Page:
EDWARDSVILLE – Special prosecutor David Rands, who handled a drunk driving ticket against former U.S. attorney Stephen Wigginton in 2017, will do it again.
Rands entered an appearance in traffic court on Feb. 5, to prosecute a ticket Wigginton picked up in Edwardsville on New Year’s Eve.
His current ticket didn’t match the first one for spectacle.
On May 23, 2017, his Cadillac ran off U.S. 40 eastbound from Interstate 55-70, wiping out 40 feet of fence and pulling up five posts.
He kept driving with a headlight missing, loose parts dragging, and enough damage under the hood to produce smoke and a grinding noise.
Troy officer Bryan Brown found his eyes red and glassy, his speech thick tongued, and reported that Wigginton stated he drank a glass of vodka.
When Brown asked for identification and Wigginton said, “You know who I am.”
When Brown said he didn’t know him, Wigginton said, “Your boss does,” according to Brown’s report.
At the station, Wigginton refused a breath test.
Brown charged him with driving under the influence, failing to reduce speed, leaving the scene, and lacking a headlight.
State’s Attorney Tom Gibbons declared a conflict of interest and passed the ticket to the Illinois State’s Attorneys’ Appellate Prosecutor.
That agency originally provided prosecutors only on appeals, but it expanded to provide special prosecutors for state’s attorneys with conflicts of interest.
Chief appellate defender Patrick Delfino assigned Wigginton’s ticket to Rands, who had investigated more than 100 Madison County cases. Most of his cases involved political leaders and their families.
Rands and Wigginton quickly negotiated a plea.
Wigginton agreed to pay $1,500, seek treatment, and spend a year under court supervision, and Rands agreed to dismiss the lesser violations.
Wigginton signed an affidavit for purposes of obtaining supervision on July 7, 2017, stating he completed alcohol evaluation.
He listed the evaluation agency’s name and address as, “Done out of state.”
Former Madison County associate judge Luther Simmons accepted the plea on July 11, 2017. Three months later, he ended his supervision.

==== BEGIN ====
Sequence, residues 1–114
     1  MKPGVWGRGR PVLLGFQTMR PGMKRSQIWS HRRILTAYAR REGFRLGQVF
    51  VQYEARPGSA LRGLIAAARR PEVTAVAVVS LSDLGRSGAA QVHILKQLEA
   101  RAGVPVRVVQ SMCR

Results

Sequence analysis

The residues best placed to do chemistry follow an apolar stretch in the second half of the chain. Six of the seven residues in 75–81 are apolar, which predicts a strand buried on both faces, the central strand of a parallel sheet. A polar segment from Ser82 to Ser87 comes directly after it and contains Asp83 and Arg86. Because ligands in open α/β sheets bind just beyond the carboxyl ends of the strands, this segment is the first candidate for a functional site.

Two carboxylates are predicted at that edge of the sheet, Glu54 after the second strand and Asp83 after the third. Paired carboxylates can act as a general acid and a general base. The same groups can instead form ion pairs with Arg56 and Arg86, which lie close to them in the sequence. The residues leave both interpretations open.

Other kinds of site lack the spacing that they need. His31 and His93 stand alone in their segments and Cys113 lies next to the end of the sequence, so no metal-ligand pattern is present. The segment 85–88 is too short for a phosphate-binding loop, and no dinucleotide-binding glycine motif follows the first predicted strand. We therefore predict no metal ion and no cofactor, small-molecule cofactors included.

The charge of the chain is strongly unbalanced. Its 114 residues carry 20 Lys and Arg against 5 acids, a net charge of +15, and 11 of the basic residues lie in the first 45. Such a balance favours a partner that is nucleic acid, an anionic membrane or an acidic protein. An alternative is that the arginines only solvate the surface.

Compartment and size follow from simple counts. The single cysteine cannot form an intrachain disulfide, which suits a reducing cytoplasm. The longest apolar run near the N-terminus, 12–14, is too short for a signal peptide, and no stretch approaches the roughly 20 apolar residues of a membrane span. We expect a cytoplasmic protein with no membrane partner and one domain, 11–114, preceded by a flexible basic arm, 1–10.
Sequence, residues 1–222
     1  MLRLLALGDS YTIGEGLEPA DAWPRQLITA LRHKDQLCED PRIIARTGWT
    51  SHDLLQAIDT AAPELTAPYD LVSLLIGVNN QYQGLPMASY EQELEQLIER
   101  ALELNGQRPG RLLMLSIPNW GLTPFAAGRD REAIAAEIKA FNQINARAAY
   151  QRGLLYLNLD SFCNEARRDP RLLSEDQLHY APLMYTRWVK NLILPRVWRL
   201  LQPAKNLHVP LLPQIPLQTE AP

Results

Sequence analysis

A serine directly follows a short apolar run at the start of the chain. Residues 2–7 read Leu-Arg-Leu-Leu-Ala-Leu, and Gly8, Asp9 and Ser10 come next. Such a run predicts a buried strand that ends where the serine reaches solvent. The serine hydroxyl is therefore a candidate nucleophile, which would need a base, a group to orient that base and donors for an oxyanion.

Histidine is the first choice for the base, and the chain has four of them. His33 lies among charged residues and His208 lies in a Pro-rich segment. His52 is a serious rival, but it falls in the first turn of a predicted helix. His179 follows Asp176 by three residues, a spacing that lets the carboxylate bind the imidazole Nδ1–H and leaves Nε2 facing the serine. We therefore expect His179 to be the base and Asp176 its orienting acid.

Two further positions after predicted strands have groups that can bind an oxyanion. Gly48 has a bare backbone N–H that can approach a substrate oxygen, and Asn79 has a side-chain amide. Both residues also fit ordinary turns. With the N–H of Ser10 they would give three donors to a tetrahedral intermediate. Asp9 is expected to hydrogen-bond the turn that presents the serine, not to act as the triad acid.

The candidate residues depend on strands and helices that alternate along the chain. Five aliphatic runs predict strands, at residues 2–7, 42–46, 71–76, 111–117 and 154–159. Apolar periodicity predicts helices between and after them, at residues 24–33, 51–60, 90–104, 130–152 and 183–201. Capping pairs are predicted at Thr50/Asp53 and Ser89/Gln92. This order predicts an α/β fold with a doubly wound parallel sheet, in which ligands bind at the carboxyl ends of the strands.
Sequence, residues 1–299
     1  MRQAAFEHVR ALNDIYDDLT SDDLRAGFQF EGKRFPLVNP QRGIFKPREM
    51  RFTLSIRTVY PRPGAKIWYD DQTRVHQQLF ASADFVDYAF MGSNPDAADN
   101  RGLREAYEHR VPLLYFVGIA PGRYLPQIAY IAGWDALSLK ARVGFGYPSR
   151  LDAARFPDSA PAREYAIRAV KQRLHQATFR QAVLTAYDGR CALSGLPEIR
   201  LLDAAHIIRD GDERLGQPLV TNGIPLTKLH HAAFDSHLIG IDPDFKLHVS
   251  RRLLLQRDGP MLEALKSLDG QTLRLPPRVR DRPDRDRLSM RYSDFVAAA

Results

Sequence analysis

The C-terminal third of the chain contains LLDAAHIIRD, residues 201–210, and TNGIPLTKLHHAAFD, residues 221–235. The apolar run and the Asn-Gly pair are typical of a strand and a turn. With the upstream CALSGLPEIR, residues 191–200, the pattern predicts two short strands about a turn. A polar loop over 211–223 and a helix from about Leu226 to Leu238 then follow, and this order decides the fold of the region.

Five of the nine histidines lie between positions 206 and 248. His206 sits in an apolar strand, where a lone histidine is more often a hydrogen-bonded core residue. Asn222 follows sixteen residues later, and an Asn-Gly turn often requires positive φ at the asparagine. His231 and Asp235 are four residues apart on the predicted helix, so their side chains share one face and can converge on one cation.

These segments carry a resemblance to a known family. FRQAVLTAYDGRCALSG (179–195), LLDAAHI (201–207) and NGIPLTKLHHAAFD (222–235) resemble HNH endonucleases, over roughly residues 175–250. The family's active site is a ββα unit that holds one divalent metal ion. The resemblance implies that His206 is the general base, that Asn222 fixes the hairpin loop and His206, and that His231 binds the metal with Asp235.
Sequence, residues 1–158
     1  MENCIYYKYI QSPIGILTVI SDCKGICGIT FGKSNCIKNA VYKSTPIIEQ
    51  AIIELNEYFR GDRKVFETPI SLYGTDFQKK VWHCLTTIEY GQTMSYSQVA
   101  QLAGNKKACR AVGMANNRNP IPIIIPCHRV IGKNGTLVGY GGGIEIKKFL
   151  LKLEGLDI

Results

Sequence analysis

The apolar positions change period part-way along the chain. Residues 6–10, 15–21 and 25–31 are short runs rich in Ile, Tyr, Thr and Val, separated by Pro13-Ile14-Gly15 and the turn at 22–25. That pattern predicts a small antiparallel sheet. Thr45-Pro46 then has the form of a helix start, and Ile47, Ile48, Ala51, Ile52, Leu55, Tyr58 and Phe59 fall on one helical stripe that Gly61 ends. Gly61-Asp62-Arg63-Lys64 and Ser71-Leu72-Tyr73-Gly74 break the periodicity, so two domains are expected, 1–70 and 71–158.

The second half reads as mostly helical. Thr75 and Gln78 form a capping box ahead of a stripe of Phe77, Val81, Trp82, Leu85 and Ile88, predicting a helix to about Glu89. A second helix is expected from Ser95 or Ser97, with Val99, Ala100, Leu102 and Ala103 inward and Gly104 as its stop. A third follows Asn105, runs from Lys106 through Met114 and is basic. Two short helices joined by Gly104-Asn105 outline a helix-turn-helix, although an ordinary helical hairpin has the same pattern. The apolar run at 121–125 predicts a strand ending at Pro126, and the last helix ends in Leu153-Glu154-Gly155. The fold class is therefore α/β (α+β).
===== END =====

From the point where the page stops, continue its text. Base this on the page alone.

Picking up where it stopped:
“The court has personal knowledge of defendant’s compliance and satisfaction with all terms of court supervision, including completing alcohol treatment pursuit to evaluation, paying all court ordered fines and costs, attending the victim impact panel, and not being charged with violating the laws of this or any other jurisdiction,” Simmons wrote.
Last New Year’s Eve, Edwardsville officer Nicholas Henderson responded to Sonic restaurant on an anonymous call about a silver Jeep.
Henderson wrote that he spotted it and that as it exited to Plummer Drive it drifted to the center of the road and the oncoming lane, and initiated a stop. Wigginton advised him he had been a prosecutor for Madison County and the U.S. attorney.
“I observed Wigginton to speak in a mumbled, slow, and deliberate manner as if struggling to organize his thoughts,” Henderson wrote.
Assisting officer Justin Towell clearly smelled alcohol.
Wigginton told Towell he was staying at Holiday Inn, but told Henderson he was staying at Country Hearth Inn, the police report says.
It also says that Wigginton stumbled when exiting the Jeep and that Wigginton stated he didn’t wish to perform tests in front of cameras.
The report further states that Wigginton couldn’t follow the eye stimulus and couldn’t keep his balance while listening to instructions; he took six steps and officers had to catch him.
Wigginton refused a breath test.
“I provided Wigginton a courtesy transport to the Country Hearth Inn, where he was staying,” Henderson wrote. “I ensured Wigginton safely made it to his hotel room.”
Wigginton was issued tickets for driving under the influence and improper lane usage.
Wigginton retained Curt Dawson of Lucco, Brown, Threlkeld, & Dawson, and pleaded not guilty on Feb. 1.
Associate Judge Jennifer Hightower has set a hearing on March 7.